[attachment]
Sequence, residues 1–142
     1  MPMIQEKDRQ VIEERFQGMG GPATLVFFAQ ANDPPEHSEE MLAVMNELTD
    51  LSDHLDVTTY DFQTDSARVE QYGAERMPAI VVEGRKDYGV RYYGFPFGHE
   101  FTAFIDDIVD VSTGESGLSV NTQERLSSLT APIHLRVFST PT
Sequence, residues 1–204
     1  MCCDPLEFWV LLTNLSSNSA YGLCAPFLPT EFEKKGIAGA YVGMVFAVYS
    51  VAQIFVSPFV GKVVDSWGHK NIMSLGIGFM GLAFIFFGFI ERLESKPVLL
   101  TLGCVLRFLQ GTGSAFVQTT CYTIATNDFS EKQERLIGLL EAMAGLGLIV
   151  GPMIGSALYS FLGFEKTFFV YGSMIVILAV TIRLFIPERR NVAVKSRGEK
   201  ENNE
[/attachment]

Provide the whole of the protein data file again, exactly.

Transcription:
Sequence, residues 1–142
     1  MPMIQEKDRQ VIEERFQGMG GPATLVFFAQ ANDPPEHSEE MLAVMNELTD
    51  LSDHLDVTTY DFQTDSARVE QYGAERMPAI VVEGRKDYGV RYYGFPFGHE
   101  FTAFIDDIVD VSTGESGLSV NTQERLSSLT APIHLRVFST PT
Sequence, residues 1–204
     1  MCCDPLEFWV LLTNLSSNSA YGLCAPFLPT EFEKKGIAGA YVGMVFAVYS
    51  VAQIFVSPFV GKVVDSWGHK NIMSLGIGFM GLAFIFFGFI ERLESKPVLL
   101  TLGCVLRFLQ GTGSAFVQTT CYTIATNDFS EKQERLIGLL EAMAGLGLIV
   151  GPMIGSALYS FLGFEKTFFV YGSMIVILAV TIRLFIPERR NVAVKSRGEK
   201  ENNE